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6up with some characters and see what happens. Let’s call it the Lunatic Wrestling Federation. Allright, sounds good. So my parents were going away, the, for like a weekend, in the summer of ’93, so quickly, I ra n out there and I we put four sticks in the ground, four poles in the g round, put these little clamp light s [up] and we jumped around like idiots and we videotaped it, and we had the little bell and everything. You know, we brought in more people. And uh, that’s what we did for like the summer of ’93.” The story of the LWF from that point on is either amazingly improbable or simply inevitable, depending on your opinions about youth culture and the media. The summer of 1994 saw more backyard LWF shows, now featuring a plywood ring built by the wrestlers themselves. Winters were periods of planning and writing future shows and storylines. 1995 was a breakthrough year for the LWF, when they had the opportunity to put on a show on a ten acre property that belonged to the family of Mr. Whack’s thengirlfriend. “So we figured, let’s, let’s try to promote this, see how many people we can get there. So we handed out fliers at the high school. And we had like three hundred and fifty people show up in her backyard for this party/wrestling event. And we had lights and we had little cameras and everything goin’. We were getting to be really good. Well, we decided to, you know, we were saving our money, let’s just buy a wrestling ring. And we spent everything we had, which was about forty-five hundred bucks—we bought a wrestling ring from like Texas, and they delivered – they brought it up, delivered it, set it up. We jumped around like idiots. You see a re-occurring pattern. Um, we said let’s trademark everything: [And at this point Billy’s tone of voice shifted from relaxed, informal and unconcerned to serious and suddenly focused.] we have these names, we have these gimmicks, we had these ideas. And let’s start putting on real shows. So we planned for a whole year and in like, in October of ’97, we had Bloodbath ‘97 at the Romeoville rec-center. Like ten bucks a head, and we were makin’ money and we couldn’t believe it you know? But it costs a lot of money, we found out we had to get a promoter’s license, and we found out we had to take out an insurance policy just for the night on the audience, and um you know, we had to rent the venue, the place, and we had to rent a DJ, for the music equipment and stuff like that and uh we were finding out it was pretty costly you know? But we did it and then we found Lamont, and we started running shows in Lamont. It just, from that point on, it’s just been growing and growing and building and building, and uh it just gets crazier, like each day, like I never know what’s going to happen next. I’m meeting people I never thought I would meet before. I met Vince McMahon [the president of the WWF] a couple months ago, um I met Paul Heyman, [of] ECW, I met all these guys, I’ve met tons of wrestlers and uh, the people I’ve met through this, [gestures behind him to the young men training] we’re running training camp on Wednesdays, we’re doing shows, we’re about to get a TV deal. We have an actual TV camera crew come out and film it, edit the tape, we sell the tape, [and] we’re about to start sellin’ merchandise off our web site.” The Wrestling Underground Comes to My Own Hometown After my first LWF show, almost a year passed before I thought about wrestling again. I was back in the Twin Cities, and still at ISU, when I learned that a group of local kids had formed a wrestling federation and was putting on monthly shows, in the backyards of their parents’ homes. They called themselves the FUW, which stood for Fucked Up Wrestling.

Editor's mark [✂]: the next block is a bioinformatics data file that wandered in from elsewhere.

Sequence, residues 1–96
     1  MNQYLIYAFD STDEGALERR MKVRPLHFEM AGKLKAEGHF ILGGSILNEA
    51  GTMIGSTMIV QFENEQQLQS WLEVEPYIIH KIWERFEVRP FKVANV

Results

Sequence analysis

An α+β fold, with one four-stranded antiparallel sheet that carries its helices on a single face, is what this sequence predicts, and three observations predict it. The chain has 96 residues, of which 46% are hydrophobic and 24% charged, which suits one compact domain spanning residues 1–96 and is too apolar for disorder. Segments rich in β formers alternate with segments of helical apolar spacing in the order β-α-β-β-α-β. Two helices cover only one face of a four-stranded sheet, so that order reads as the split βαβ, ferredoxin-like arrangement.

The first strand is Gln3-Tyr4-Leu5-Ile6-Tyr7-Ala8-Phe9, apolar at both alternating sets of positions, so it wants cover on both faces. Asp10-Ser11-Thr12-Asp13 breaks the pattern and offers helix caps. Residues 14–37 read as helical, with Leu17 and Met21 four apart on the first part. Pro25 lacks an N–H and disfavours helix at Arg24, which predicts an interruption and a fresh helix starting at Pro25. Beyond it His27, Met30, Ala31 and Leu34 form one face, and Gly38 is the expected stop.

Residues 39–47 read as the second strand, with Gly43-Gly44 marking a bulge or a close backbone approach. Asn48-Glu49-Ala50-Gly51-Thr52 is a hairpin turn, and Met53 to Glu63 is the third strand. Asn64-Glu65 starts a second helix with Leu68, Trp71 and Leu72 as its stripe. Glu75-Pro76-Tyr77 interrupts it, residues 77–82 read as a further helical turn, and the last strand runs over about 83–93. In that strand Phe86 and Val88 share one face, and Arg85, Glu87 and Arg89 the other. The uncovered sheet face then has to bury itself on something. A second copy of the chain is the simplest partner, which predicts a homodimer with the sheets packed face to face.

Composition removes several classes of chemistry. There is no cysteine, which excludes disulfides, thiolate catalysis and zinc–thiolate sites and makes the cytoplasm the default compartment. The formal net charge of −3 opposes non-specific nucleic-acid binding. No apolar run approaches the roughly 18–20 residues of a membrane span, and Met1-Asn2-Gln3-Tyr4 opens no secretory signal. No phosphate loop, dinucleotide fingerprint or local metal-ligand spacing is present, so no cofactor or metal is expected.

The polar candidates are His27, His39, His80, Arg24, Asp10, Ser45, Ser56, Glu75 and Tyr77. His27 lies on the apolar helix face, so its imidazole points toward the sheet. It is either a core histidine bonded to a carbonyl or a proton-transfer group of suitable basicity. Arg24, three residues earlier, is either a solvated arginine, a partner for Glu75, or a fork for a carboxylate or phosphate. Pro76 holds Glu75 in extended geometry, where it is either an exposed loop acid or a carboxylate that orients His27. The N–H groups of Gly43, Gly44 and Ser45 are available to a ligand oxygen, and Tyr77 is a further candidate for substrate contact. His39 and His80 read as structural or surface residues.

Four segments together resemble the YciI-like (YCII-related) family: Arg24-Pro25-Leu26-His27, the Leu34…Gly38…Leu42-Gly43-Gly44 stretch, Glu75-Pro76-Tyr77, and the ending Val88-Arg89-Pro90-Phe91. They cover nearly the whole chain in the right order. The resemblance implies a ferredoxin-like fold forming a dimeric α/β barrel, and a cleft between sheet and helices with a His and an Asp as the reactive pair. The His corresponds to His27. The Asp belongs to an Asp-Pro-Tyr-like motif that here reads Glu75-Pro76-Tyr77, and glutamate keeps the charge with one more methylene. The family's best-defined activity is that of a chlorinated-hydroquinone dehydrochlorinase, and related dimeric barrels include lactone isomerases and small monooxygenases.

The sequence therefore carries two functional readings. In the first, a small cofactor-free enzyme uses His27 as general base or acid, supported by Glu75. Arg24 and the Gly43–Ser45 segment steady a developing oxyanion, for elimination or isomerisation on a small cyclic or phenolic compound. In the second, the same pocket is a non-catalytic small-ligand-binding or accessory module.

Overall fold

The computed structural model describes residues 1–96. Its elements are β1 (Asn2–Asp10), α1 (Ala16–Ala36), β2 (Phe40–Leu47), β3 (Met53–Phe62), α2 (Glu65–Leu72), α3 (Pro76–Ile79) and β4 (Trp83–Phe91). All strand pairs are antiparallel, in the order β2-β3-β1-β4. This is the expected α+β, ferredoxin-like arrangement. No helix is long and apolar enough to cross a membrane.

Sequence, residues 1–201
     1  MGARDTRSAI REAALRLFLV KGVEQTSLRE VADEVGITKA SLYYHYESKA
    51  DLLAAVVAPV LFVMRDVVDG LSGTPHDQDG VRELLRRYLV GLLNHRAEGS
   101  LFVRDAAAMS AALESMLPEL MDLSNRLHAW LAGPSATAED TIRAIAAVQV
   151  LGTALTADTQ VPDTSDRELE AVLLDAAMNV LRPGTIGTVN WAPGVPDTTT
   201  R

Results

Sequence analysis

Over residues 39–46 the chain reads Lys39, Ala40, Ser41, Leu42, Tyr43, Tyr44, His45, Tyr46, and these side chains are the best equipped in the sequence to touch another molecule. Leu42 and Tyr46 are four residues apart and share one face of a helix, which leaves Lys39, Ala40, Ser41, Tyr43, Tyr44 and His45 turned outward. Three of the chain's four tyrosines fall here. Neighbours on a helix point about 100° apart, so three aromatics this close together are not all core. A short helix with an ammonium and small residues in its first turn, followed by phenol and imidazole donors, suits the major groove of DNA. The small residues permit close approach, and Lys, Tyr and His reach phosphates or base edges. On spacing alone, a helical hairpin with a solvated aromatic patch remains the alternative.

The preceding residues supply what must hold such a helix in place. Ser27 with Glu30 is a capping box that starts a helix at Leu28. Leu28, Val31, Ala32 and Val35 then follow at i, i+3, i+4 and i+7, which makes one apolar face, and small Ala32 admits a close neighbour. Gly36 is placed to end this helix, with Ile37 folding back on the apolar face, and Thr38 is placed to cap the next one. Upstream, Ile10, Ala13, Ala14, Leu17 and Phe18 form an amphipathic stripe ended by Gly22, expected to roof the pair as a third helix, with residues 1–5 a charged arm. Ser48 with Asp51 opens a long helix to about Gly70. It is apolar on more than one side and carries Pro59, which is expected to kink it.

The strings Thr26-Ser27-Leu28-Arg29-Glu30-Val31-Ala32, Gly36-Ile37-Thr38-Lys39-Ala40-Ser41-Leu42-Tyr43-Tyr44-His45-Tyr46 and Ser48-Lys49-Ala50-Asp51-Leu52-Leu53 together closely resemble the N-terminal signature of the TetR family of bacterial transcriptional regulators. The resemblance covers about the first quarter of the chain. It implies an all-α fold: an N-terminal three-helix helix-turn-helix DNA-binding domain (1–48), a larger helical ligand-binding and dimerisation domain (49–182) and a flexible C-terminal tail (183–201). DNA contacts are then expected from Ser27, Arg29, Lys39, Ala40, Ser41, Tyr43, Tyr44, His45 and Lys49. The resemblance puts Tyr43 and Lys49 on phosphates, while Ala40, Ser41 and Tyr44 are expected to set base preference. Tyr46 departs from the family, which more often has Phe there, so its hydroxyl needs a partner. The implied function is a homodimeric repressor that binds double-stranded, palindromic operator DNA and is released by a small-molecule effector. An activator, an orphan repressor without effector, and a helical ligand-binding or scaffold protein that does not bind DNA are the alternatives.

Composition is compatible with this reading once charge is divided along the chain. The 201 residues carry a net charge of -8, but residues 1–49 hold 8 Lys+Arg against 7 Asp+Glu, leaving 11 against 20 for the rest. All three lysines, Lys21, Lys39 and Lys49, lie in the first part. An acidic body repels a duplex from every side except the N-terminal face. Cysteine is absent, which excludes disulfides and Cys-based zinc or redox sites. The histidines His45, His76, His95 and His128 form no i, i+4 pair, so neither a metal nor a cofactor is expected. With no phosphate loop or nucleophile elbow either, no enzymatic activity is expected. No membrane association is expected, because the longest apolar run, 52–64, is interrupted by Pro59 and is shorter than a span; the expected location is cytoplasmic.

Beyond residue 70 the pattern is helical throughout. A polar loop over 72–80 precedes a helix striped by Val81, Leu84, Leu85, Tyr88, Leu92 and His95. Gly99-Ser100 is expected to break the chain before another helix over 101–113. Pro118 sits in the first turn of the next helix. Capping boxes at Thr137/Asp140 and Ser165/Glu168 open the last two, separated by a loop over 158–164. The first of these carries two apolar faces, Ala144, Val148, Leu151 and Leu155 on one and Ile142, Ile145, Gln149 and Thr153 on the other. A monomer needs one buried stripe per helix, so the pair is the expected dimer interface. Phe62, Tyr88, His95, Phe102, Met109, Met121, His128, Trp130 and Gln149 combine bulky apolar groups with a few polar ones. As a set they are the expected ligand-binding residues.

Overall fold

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7 The obvious similarities to the LWF story led me to ask some of these downstate backyard wrestlers if they had ever heard of the Chicago-area promotion. This line of questioning made no headway, as nobody seemed to have had heard of LWF, nor any other instance of any other group wrestling in any backyard anywhere. No, in fact, they had come up with the idea on their own one evening when a group of people watching wrestling on television had morphed into a livin g-room wrestling session. Direct cultural diffusion seemed to have played no part in this bi zarre ritual’s spread to my hometown. Wondering how this might have happened led me to study the FUW for a class project during the spring semester of 2000, by which time, the FUW had made the transition from backyard federation to strong local pr omotion by putting on shows at the student centers of the local universities. They were using a wooden ring they had constructed themselves. I had no plans to go native when I started the ‘ethnography of a wrestling federation’ that eventually became my undergraduate thesis. I got the phone number of the 19-year-old “pr esident” of the FUW from a mutual friend and I set up a lunch meeting at a local di ner. Disco Stu, as he was known to FUW fans, was a wrestler as well as the leader of the group. He was perhaps a bit underweight, and well dressed in corporate casual attire during our first meeting. He worked as a manager at a call center on the edge of tow n. I explained that I wanted to do an ethnography of his federation, and what that ent ailed. He agreed and suggested that we hang out for the rest of the evening, as he was going to be meeting up with some of the other wrestlers later and I could meet them. But first he would have to make a pit stop at his Grandfather’s house, to help move a safe. But after that—meeting wrestlers. I offered to help move this safe, thinking it the natural thing to do. We talked about the history of the group, and I learned that af ter a few backyard performances in front of small crowds of friends, FUW had moved on to perform gigs on the ISU campus, and at the grand opening of a chain bookstore. Plans for a show at the local armory were in the works. Later, as I was helping about five other guys maneuver an immense steel box into the back of a pickup truck, I had a personal expe rience of the Tom Sawyer dimension of Stu’s personality—his ability to get his fr iends involved and motivat ed in projects and plans that really involved a lo t of hard labor. Stu told me to be at his house the next Monday at 8:00pm. Monday Night Stu shared a house with a few of his friends, but as I ethnographically hung around during March of 2000, it was often difficult to tell who lived there and who was just on the scene. The place was a haze of smoke in a disorienting proliferation of movie posters. There were more life-sized cardboa rd celebrities than living humans in the house. The place was absolutely littered with action figures—mostly mini wrestlers. One wall of the living room was entirely taken up by speakers and a huge television. My first visit was a Monday night, which meant that a crowd of FUW wrestlers was gathering there to watch wrestling. At that time, there were two federations running weekly televised shows on cable: Vince Mc Mahon’s WWF and Ted Turner’s WCW. Their Monday night shows occupied the same ti me slot, so there was constant channel surfing between the two. WWF was generally favored. At least a dozen kids were all